President Obama dismissed the legal merits of a challenge to a key provision of the Affordable Care Act.

In remarks from the G7 summit yesterday, Obama maintained there is no legal basis for the Supreme Court to overturn a key provision of the Affordable Care Act.

He argued it's an "easy case" that never should have gotten to the highest court in the first place.

"It's not something that should be done based on a twisted interpretation of four words in, as we were reminded repeatedly, a couple of thousand page piece of legislation," said Obama, predicting that "the Supreme Court's going to do what most legal scholars who have looked at this would expect them to do."

The case comes down to whether people who enrolled through the federal HealthCare.gov exchange are entitled to subsidies. The opponents say the law's language only allows for subsidies for those buying insurance on state-run exchanges.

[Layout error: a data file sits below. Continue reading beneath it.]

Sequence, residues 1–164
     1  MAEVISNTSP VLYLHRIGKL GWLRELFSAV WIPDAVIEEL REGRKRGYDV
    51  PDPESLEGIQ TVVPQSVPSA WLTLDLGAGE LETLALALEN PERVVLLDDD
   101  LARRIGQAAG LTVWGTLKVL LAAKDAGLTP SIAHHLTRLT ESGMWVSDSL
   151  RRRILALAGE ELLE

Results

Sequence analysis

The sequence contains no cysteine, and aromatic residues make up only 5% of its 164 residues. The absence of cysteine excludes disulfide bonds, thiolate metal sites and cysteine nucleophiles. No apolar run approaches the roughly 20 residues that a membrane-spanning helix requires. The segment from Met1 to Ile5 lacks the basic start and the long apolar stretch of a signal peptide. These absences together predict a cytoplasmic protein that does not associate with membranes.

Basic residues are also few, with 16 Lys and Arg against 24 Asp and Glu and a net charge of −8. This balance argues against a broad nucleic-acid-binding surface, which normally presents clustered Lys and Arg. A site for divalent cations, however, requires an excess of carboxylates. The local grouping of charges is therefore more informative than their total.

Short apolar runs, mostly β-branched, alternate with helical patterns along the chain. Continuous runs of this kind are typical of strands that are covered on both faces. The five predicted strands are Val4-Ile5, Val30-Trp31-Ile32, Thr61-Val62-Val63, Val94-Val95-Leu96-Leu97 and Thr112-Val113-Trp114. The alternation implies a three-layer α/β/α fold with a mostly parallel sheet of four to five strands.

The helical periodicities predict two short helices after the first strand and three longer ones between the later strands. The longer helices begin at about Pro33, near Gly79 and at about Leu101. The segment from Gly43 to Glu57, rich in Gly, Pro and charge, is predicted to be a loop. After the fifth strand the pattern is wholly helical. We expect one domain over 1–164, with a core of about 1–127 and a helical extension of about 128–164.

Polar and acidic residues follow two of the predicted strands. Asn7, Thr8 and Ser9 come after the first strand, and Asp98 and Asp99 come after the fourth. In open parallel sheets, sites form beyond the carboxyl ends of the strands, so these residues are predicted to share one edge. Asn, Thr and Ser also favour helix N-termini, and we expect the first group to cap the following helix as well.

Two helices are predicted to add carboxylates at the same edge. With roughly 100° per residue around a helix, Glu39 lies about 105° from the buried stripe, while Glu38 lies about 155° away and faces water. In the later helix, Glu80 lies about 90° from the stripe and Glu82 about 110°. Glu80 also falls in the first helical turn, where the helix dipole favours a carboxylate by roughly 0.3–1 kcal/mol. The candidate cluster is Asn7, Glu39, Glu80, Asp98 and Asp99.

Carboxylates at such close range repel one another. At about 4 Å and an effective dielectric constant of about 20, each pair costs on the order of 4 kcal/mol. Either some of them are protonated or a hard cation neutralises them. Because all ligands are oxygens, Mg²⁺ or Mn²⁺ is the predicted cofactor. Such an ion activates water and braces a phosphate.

Charles Krauthammer, Mara Liasson, and Stephen Hayes reacted on "Special Report," with Krauthammer saying Obama's remarks "come under the heading of constitutional indecency." 

This is not the first time the president has gone after the Supreme Court. At his 2010 State of the Union address, President Obama ripped the Supreme Court's ruling on campaign finance in the Citizens United case.

Krauthammer noted that the president is now going after the justices even before a ruling is issued, "impugning" those who might disagree with him.

"It's a pattern of which he steps over the boundaries of what the executive [branch] ought to do. It's not illegal of course, but it shows no respect for the Constitution. He did not swear an oath to provide subsidies for health care. He swore an oath to defend, essentially to respect, the Constitution. He hasn't shown that. Other than that, he's been a great president," Krauthammer joked.

Watch the full discussion above.